Austin Rosen has spent the past decade investing in chart-topping musicians. Now, he’s turning his attention to startups.
Rosen, 34, is the founder and CEO of Electric Feel Entertainment, one of the music industry’s premier hit factories. Electric Feel’s stable of songwriters has churned out 19 number-ones over the past five years, working on tracks for the likes of Justin Bieber, Doja Cat, Lil Nas X and SZA. The company also co-manages mega-star Post Malone and other performers. At least one song from Electric Feel’s writers, producers and artists has landed in the top ten of the Billboard Hot 100 for 89 consecutive weeks, and in 2021, Variety named Rosen its music manager of the year.
It’s been a rapid rise since Rosen founded Electric Feel in 2013, one fueled by a keen eye for talent and a knack for fostering collaboration. “I created a whole roster of producers and writers from the beginnings of their careers and helped put them with the right people to make massive songs,” Rosen says.
With Electric Feel Ventures—a new early-stage investment firm born amid the pandemic that has already done 50 deals and is currently investing out of a $30 million debut fund—he’s seeing if a similar strategy will work in venture capital.
“The process of making music and making hit songs consistently, it’s really just about connecting the dots and putting the right talents together,” he says. “I feel like it’s a lot of the same thing when you’re dealing in venture.”
Rosen is no stranger to investing: He’s the son of Andrew Rosen, a longtime fashion executive known for founding and running the Theory brand and serving as an impresario for up-and-coming designers and apparel companies, helping fund the rise of labels such as Alice + Olivia and Rag & Bone. The trade publication Women’s Wear Daily once described him as “a sort of Medici of fashion.”
With capital from his early successes in music and guidance from his father, the younger Rosen began investing in apparel and entertainment companies a few years ago. He was an early backer of 300 Entertainment, the music label that’s home to Megan Thee Stallion and Young Thug, which sold to Warner Music Group late last year for a reported $400 million. It was also last year that he decided to formalize his investing activities under the Electric Feel Ventures umbrella—in part, he says, to meet the demand of artists who wanted access to Rosen’s deal flow.
“I would start to do these deals, and all my clients and all these other people were wanting to be in them,” he says. “I wanted to create some structure around it.”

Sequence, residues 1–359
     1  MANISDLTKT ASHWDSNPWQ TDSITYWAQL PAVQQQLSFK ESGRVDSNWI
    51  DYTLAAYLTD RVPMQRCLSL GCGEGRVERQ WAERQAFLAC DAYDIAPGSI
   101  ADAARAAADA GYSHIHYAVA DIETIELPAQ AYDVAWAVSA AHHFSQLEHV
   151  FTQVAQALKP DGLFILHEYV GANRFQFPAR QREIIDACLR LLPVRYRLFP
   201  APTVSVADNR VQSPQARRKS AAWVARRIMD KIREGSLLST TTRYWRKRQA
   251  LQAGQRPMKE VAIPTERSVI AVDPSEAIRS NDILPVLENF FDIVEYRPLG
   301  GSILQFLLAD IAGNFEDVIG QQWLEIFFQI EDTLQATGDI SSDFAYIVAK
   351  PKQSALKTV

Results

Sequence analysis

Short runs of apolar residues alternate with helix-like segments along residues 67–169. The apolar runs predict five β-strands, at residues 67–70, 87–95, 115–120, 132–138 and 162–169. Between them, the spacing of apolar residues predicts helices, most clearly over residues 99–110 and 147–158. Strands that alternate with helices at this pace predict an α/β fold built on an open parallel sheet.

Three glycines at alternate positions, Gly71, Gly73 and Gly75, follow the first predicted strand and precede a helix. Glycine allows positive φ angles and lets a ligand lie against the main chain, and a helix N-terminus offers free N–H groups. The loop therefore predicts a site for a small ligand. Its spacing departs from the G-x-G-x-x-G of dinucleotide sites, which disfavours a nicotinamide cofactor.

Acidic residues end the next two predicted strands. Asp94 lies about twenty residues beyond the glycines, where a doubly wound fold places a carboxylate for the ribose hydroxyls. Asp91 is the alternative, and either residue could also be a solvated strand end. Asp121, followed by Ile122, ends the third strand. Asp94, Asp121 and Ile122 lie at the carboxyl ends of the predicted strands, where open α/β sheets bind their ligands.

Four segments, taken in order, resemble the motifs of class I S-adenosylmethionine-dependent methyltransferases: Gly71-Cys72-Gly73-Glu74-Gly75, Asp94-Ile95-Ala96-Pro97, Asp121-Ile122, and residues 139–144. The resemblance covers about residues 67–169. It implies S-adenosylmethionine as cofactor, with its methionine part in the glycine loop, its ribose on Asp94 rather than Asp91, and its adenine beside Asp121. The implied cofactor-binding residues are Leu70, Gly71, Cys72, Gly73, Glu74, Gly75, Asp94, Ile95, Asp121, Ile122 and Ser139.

Some of Rosen’s celebrity clients leverage their star power to bring more than mere capital to the table for EFV’s portfolio companies. 24kGoldn, the 21-year-old rapper best known for the chart-topping song “Mood,” invested alongside EFV in a skincare startup called Starface. He also collaborated with Starface to serve as the public face of a major marketing campaign. Tom Brady joined EFV in backing a low-carb bread startup called Hero Bread. Brady is also a spokesman for Subway; last year, he starred in an ad announcing Subway would start selling Hero Bread products in select stores.
EFV also takes a collaborative approach when it comes to finding investments. “A lot of top-tier funds send us deals,” Rosen says, citing Andreesen Horowitz, Maveron and Cavu Ventures as examples. Rosen’s place at the nexus of music-industry cool makes him an appealing partner for investors always on the lookout for the next big thing. “They look at us as a strategic entertainment partner and value-add.”
In making music, Rosen tries to bring together people with complementary skills that might be able to create a whole that’s larger than the sum of its parts. It’s the same in building a business—just with founders, influencers and investors instead of writers, producers and performers.
“You’re finding people early, you’re investing in their talents, their skills, and just connecting them with other great people and helping them solves problems,” Rosen says.
EFV frequently invests in the entertainment and consumer sectors, with other portfolio companies including Superplastic, a startup trying to turn its cartoon creations into influencers, and Actual Veggies, a maker of plant-based burgers. Superplastic’s other backers include Founders Fund, Index Ventures, Justin Timberlake and music executive Scooter Braun, serving as an example of the sort of investor cross-section that EFV tries to find.
The firm is in the process of raising its second institutional fund from a network of entertainment executives, clients, family offices and other LPs—all of whom are betting that, for Rosen, finding future unicorns and identifying a musical earworm might not be so different.